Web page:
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Entity Relationship (E-R) Primer

There are two kinds of tables in database: entity tables and relation tables. Given an E-R diagram, the tables can be directly identified from it.

Entity tables are used to hold information about things in the database. One rule of thumb is that Entity tables should have some kind of unique index which can be referenced by other tables. In addition to the index, Entities have attributes. An example is the Interface table. An interface has attributes for its name and its return type. The LSB also adds attributes to indicate the status of the interface (included, excluded, or undecided), if it is properly documented, etc. Generally, each attribute is represented by a column in the table.

Relation tables are used to hold information about the relationship between two entities. A relation table can be as simple as having two columns, each of which contain the unique index from another table. Relations may also have attributes, which are represented by additional columns.

There a 3 types of relationships that can occur, 1-to-1, 1-to-N, and N-to-N. Each is implemented by a different technique.

  • 1-to-1 relationships are implemented by just putting additional columns in an entities table.
  • 1-to-N relationships are implemented by having a column in the entity table that represents the N side of the relationship which contains the unique index from the entity table that represents the 1 side of the relationship. This allows multiple rows in the N entity table to refer to the same row in the 1 entity table.
  • N-to-N relationships are implemented by using a Relation table. Each row in this table contains the unique indecies from 2 (or more) Entity tables. Each index value can appear multiple times in the relationship table, thus allowing the many to many relation.

The primary keys in all tables are marked green, the unique keys are marked blue. In the composite keys the order of fields is that in which they are declared in description table. Note that now each table has no more that one unique key, so if more than one fields are marked blue for one table then these keys form a composite unique key.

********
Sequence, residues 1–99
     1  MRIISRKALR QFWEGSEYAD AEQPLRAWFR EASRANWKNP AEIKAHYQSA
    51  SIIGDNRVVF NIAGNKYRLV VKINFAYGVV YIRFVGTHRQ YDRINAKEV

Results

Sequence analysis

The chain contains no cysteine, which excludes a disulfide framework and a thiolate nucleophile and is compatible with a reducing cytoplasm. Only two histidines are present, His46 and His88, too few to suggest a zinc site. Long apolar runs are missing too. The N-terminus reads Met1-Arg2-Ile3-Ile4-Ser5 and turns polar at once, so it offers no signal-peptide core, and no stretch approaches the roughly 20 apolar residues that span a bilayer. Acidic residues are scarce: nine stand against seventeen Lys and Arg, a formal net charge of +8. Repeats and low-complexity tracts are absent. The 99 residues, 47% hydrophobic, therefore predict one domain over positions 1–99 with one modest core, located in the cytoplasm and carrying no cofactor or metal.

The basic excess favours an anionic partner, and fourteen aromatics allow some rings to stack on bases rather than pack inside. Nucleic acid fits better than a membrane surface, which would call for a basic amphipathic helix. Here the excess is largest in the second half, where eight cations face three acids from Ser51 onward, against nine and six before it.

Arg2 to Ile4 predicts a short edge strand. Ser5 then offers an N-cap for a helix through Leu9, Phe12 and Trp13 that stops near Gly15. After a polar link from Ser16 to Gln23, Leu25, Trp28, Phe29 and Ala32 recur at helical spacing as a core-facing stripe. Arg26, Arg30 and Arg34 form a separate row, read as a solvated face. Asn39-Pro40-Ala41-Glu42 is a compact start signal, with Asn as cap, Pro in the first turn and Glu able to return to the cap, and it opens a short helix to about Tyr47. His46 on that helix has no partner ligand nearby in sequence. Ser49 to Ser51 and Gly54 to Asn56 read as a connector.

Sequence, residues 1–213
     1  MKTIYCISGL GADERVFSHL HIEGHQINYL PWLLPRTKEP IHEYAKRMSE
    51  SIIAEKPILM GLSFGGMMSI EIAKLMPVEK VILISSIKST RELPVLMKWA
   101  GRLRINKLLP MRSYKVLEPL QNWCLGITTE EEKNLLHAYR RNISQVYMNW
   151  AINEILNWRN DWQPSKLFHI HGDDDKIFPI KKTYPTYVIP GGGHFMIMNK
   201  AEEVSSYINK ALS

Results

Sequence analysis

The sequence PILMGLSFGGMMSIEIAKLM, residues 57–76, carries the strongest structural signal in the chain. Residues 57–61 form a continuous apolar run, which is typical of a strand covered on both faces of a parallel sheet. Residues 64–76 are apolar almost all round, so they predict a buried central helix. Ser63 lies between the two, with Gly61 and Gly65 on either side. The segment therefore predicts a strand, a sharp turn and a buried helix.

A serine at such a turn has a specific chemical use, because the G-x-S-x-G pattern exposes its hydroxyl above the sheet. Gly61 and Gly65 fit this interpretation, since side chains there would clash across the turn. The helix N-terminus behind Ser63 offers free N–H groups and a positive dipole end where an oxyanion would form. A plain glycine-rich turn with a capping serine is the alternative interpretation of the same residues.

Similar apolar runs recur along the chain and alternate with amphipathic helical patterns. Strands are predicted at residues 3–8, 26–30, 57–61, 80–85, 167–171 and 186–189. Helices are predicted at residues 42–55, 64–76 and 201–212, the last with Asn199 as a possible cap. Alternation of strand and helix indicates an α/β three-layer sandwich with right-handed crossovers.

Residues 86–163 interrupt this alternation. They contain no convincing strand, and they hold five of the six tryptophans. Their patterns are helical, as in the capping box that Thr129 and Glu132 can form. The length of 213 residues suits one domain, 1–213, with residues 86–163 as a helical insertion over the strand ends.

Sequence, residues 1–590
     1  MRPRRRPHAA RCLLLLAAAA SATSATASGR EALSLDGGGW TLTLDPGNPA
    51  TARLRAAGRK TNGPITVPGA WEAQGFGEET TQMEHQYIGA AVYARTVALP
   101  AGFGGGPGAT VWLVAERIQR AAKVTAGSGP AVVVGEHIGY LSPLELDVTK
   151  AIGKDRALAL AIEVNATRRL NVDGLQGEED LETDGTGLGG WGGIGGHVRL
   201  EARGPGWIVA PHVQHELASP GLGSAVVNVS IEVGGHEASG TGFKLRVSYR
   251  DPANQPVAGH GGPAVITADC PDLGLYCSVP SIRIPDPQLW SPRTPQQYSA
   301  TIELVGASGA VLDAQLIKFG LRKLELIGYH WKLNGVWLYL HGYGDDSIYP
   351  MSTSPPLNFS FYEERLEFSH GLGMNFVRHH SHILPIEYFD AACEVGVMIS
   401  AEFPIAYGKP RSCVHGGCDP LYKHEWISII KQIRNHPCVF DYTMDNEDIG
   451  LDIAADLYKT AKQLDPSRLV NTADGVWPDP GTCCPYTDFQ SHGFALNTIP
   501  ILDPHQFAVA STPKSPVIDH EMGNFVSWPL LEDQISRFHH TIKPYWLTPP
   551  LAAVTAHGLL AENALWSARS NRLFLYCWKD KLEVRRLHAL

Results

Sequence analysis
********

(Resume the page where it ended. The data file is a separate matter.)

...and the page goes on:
Table Descriptions

The naming scheme is intended as a usage hint. Tables named FooBar are relation (join) tables expressing a relationship between the components of the name, which are sometimes abbreviated e.g. ArchInt is a join of Architecture and Interface. BaseTypes and VMIBaseTypes tables implement N-to-N relations between ClassInfo and Interface tables. The XxxGroup tables represent groupings of the Xxx table, e.g. the HeaderGroup allows you to group together pieces of a Header

The following tables represent the LSB database schema:


Tables containing information about different LSB elements

Architecture ClassInfo Command CommandAttribute Constant
ConstantAttribute CxxApi DynamicEntries ElfSections Header
HeaderGroup Interface InterfaceAttribute InterpretedLanguage InterpretedLanguageModule
InterfaceVote IntStd LibGroup Library LibraryAttribute
LSBVersion Module Parameter RpmTag SectionTypes
SourceBinary SourceCode SourceHeader SourceShadow StandardSource
Standard SubModule TestCaseSource TestSuite Type
TypeMember TypeMemberExtras TypeType Version Vtable
Relation Tables
AbiApi AbiMacro ArchClass ArchConst ArchDE
ArchES ArchInt ArchLib ArchType BaseTypes
ClassVtab CmdStd LGInt ModSMod SModCmd
SModLib SModStd SourceQualifier TestCmd TestInt

LSB Elements Schema and Details...

Community Tables

Tables containing information about distributions, applications, upstream components, their structure and certification status.

Entity Tables
AppCategory AppInfo AppInterpreter Application ApprovedLibrary
ApprovedCommand CompatSymbol CompFile CompInfo CompLDpath
Component CompProvides CompRequires Distribution DistrVendor
JavaBaseClass JavaClass JavaInterface RawClass RawCommand
RawDynamicEntries RawILModule RawInterface RawLibSoname RawLibrary
RawVtable RILMBuiltin RLibLink WeakSymbol
Relation Tables
AppLib AppJInt AppRILM AppRInt AppShippedLib
CompJInt CompRILM RLibDeps RLibRClass RLibRInt

Community Tables Schema and Details...

Cache Tables and Stored Procedures

Cache tables are created automatically on the basis of LSB Elements and Community tables (when performing 'make restoreall' operation or using a separate make target called 'cache' - 'make cache'). Some stored procedures are created by these scripts, as well (and actually some cache tables are created by stored procedures, so one can simply invoke appropriate procedures to recreate some of the tables).

Cache tables and are used in the LSB Navigator to speed up different queries concerning both LSB and Community parts of the database.

All cache table names starts with 'cache_'.

Stored Procedures and Cache Tables Schema and Details...

Futures Tracker Tables

New LSB Futures Tracker implemented in the LSB Navigator also stores some information in the database.

Futures Tracker Tables Schema and Details...


Triggers are useful for situations when lots of data should be uploaded to the database in order to avoid some routine work. Note, however, that triggers require high privileges (till MySQL 5.1.6, trigger creation requires SUPER privilege), so triggers can be absent in the database (please refer to the SpecDatabaseUsage section for more information).

Triggers Details...


The list of all DB Schema and Scripts updates released by ISPRAS team with release notes is available at LSB Infrastructure Project portal.